The Silver Empire is in ruins. War is in the wind. Kagen and his allies are on the run from the Witch-king. Wild magic is running rampant everywhere. Spies and secret cabals plot from the shadows of golden thrones.

Kagen Vale is the most wanted man in the world, with a death sentence on his head and a reward for him—dead or alive—that would tempt a saint.

The Witch-king has new allies who bring a terrible weapon—a cursed disease that drives people into a murderous rage. If the disease is allowed to spread, the whole of the West will tear itself apart.

In order to build an army of resistance fighters and unearth magical weapons of his own, Kagen and his friends have to survive attacks and storms at sea, brave the haunted wastelands of the snowy north, fight their way across the deadly Cathedral Mountains, and rediscover a lost city filled with cannibal warriors, old ghosts, and monsters from other worlds. Along with his reckless adventurer brothers, Kagen races against time to save more than the old empire… if he fails the world will be drenched in a tsunami of bloodshed and horror.

Son of the Poison Rose weaves politics and espionage, sorcery and swordplay, treachery and heroism as the damned outcast Kagen fights against the forces of ultimate darkness.

Well damn, now this sounds like it is going to be incredibly awesome.  I already knew that I was going to really love Son of the Poison Rose, but some of the details revealed above have made me even more excited, which I didn’t think was possible.  The mentions about a rage disease are pretty interesting, especially as that is something that Maberry has utilised in several of his previous novels, and its frankly terrifying to see every single time.  In addition, you have politics, espionage, battles on the sea, cannibals and so much more, which I am extremely keen in seeing unfold.  The idea of sea battles is particularly intriguing to me, and I am going to love seeing how a Maberry-written sea-battle turns out.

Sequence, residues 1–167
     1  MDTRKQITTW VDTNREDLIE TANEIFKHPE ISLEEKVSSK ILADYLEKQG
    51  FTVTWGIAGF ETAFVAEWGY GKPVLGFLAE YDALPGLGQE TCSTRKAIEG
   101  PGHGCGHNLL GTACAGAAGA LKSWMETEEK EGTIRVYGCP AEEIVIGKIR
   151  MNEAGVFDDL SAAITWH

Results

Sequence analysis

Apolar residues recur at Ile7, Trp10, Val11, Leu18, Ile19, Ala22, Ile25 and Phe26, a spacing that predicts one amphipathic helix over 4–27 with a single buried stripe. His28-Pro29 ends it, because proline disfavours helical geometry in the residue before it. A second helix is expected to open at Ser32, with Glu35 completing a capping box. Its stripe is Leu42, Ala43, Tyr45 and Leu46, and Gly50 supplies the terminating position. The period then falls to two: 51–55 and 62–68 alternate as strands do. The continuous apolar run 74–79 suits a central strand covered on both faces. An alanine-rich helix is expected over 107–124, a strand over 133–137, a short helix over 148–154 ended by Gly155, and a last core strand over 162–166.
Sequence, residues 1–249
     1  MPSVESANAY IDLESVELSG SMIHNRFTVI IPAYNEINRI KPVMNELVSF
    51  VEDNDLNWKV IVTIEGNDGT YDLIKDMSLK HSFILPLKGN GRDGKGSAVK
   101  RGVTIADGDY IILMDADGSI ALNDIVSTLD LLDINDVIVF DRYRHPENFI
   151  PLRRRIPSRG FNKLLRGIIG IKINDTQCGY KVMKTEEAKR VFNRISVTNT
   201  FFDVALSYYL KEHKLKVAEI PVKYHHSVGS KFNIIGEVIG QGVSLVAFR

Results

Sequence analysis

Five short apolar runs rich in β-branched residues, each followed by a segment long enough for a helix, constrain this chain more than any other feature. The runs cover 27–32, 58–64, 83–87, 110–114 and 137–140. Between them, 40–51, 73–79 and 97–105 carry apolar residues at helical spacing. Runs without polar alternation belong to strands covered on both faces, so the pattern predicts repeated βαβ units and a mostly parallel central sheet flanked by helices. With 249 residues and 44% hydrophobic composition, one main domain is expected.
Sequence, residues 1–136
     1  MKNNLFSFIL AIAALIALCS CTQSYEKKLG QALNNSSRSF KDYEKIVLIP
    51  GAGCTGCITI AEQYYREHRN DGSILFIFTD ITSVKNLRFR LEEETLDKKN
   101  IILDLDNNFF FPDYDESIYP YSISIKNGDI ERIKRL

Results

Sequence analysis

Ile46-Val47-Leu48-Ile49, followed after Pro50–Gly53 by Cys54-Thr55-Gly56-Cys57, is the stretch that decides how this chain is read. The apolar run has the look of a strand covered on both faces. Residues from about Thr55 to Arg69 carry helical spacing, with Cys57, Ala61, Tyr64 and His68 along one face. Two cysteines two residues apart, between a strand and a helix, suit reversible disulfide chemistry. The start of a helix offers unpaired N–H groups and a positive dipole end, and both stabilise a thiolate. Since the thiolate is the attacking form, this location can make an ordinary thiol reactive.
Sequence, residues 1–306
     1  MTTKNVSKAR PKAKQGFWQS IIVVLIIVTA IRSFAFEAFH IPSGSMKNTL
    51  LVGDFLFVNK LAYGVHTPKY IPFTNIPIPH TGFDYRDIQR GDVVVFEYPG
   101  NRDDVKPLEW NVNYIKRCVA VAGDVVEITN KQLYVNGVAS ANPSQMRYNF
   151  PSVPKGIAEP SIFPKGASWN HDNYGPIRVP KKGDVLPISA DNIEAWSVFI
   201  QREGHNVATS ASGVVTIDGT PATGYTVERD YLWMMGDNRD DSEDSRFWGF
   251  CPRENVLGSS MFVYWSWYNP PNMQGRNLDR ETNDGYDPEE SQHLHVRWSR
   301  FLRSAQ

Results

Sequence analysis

I am also very excited to see what sort of character development or emotional damage occurs amongst the various protagonists in this second book.  Maberry unleashed some deep personal bombs at the end of Kagen the Damned, and these are going to really hit Kagen hard, especially the reveal about who the Witch-king is and the two prisoners he is holding.  Both revelations are going to rattle the already unstable Kagen, and I know that Maberry is going to spend a lot of time breaking Kagen down again.  I am also quite interested in seeing some scenes from the Witch-kings perspective, and I am extremely curious to see what events led him to take up this dark mantle and stage an attack on the Silver Empire.

So, I doubt anyone is too surprised that I am really, really excited for Son of the Poison Rose by Jonathan Maberry.  This book was already one of my most anticipated reads for 2023 even before I started reading Kagen the Damned, just because I love Maberry’s writing that much.  However, the extra plot details revealed about have raised my anticipation levels even higher, and this will probably be one of the first things I read next year.  I have no doubt in my mind whatsoever that Son of the Poison Rose will be one of the best books of 2023 and I cannot wait to see how the epic Kagen the Damned series continues.

Amazon     Book Depository

Hide by Kiersten White

Hide Cover

Publisher: Penguin Random House Audio (Audiobook – 24 May 2022)

Series: Standalone/Book One

Length: 8 hours and 9 minutes

My Rating: 3.75 out of 5 stars

Amazon     Book Depository

Get ready to run and scurry for cover in the intriguing new horror thriller from Kiersten White, Hide.  Kiersten White is a captivating author who is known for her young adult and tie-in fiction novels.  I best know her for her work on the extended universe of franchises like Buffy the Vampire Slayer, where she recently wrote a series of novels about a new Slayer, which started with the 2019 release Slayer.  White is also making some waves this year with the new Star Wars young adult novel, Padawan, which follows a young Obi-Wan Kenobi and which is pretty high up on my to-read list.  However, her 2022 release that intrigued me the most was the thriller release, HideHide had a great concept to it and I couldn’t resist checking it out in the last week to see what it was all about.

Mack is good at hiding.  She’s spent her whole life doing it after it worked so well to save her life as a child while her family died around her.  However, after years of avoiding people, Mack is running out of options and money.  So when a strange challenge arises, Mack has no choice but to accept, even if it brings back terrible nightmares from her past.